Into the Woods

6.2

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True to director Rob Marshall’s proclamation that Into the Woods is “a fairy-tale for the post-9/11 generation”, Disney’s all-star Christmas release from last year sees the company’s family-centric model fragmented. Shot largely at London’s Shepperton Studios – Alexander Korda’s old stomping ground and the home of The Third Man – this fantastically staged movie throws its characters into a wilderness of hope and regret, often in tandem, as it intertwines many traditional fairy-tales in a web of broken dreams, wants and needs. Lifted from Stephen Sondheim’s 1986 Broadway musical of the same name, Woods is a notably darker entry in Disney’s second renaissance, but it’s still a fun time either way.

James Corden and Emily Blunt play a humble bakery-owning couple struggling to conceive, when a Witch (Meryl Streep) suddenly appears out of nowhere and declares that she cursed the family years ago, almost like a terrible Angel Gabriel. To rectify matters, they must collect souvenirs from several Brothers Grimm stories – Rapunzel, Cinderella, Red Riding Hood and Jack and the Beanstalk – which will in turn reform the Witch’s beauty. Her reason for bestowing a curse upon the family is utterly ridiculous – the baker’s father stole six beans from the Witch’s garden – but who cares anyway, because part of Woods‘ charm is in getting swept up in its daft premise. The bakers then venture into the woods where the fairy-tale protagonists roam, and here every character’s respective desires cause ripple effects throughout the wider narrative.

While Streep received yet another Oscar nomination for her role here, and although she is certainly fantastic, it is Blunt who really steals the show. Plagued by her infertility and hopelessly driven towards motherhood, she gives a warm and entirely lovable performance despite her character’s mistakes, delivering a level of humanity that is rarely seen in musicals. That Blunt actually became pregnant during production is a funny coincidence, but it also likely supplemented her character’s emotional gravitas. The talent alongside her includes Anna Kendrick as the love-stricken Cinderella and Chris Pine as her exuberant Prince Charming, both of whom expand upon their natural charisma in the construction of two perfectly strong performances. Woods is about coming together, but it doesn’t always do that itself, and so it’s the fine ensemble that keeps this thing from falling apart in ribbons more than anything else.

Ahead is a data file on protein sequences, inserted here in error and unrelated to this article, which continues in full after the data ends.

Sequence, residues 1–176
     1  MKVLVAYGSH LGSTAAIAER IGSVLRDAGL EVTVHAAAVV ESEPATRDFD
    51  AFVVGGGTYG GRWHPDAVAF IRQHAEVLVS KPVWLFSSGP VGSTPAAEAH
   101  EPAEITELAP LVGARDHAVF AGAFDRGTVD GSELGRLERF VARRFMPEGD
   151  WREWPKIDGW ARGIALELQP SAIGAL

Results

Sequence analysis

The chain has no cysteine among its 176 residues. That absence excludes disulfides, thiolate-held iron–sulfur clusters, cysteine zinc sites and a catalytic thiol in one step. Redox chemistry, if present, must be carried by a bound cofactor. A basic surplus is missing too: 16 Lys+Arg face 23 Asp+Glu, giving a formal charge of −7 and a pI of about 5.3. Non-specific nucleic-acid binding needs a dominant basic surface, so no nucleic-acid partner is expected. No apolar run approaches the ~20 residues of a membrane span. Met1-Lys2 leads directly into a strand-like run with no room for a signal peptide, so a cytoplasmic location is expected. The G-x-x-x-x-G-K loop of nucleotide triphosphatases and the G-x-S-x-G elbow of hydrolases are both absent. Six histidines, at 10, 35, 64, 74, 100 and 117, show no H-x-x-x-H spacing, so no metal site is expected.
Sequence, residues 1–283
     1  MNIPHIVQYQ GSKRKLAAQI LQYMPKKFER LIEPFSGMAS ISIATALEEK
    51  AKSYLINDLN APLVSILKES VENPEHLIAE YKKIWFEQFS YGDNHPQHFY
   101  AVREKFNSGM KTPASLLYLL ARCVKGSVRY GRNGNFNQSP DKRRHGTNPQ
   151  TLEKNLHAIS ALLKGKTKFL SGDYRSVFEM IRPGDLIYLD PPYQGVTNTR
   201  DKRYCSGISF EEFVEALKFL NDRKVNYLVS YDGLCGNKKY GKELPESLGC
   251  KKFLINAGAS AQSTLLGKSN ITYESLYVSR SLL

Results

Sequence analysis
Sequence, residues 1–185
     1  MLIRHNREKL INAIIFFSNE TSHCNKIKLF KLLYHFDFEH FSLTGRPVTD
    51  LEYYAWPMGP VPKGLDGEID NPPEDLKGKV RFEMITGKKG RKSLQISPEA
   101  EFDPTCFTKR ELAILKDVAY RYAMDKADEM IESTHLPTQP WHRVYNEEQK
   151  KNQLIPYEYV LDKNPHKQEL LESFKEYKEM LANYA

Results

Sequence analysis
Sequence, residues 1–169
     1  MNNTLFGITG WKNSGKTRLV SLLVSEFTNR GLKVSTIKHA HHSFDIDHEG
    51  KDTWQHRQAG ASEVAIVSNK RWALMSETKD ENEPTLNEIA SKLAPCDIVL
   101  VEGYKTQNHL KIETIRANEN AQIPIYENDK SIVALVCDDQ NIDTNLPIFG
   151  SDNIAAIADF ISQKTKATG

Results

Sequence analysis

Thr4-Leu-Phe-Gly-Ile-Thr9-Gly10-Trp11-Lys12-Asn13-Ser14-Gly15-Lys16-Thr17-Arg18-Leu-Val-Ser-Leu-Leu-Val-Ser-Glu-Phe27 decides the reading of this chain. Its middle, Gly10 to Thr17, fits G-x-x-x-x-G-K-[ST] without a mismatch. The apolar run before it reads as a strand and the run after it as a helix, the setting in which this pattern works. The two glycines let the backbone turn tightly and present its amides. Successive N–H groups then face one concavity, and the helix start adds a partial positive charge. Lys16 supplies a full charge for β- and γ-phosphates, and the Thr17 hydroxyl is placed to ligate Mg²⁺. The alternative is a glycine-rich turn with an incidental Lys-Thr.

Although Woods wasn’t conceived as a Disney movie – it belonged to Columbia way back in the 90s until they put it into turnaround – it has nevertheless become a resolutely ‘Disney’ package, and as a result, the dark Sondheim play feels considerably sterilised in its adaptation. But while the filmmakers wouldn’t have been expected to further emphasise its tougher aspects in a PG-rated product (i.e. Johnny Depp’s dangerously paedophilic Wolf), the complaint pertains mostly to the movie’s emotional dealings; it differentiates itself tonally and thematically between all three acts, so the film winds up forfeiting any catharsis it probably should have had, almost as if Marshall couldn’t figure out how to translate the play into a family targeting movie. Blunt, Streep, Pine and Kendrick are all responsible for holding the film down, and overall, Into the Woods manages to feel like a good movie, even if I’m not entirely sure it is one. Regardless, consuming a Disney product involves participating in a fantasy, and with its excellent set design, worthy cast and invaluable source material, this one is arguably worth believing in.

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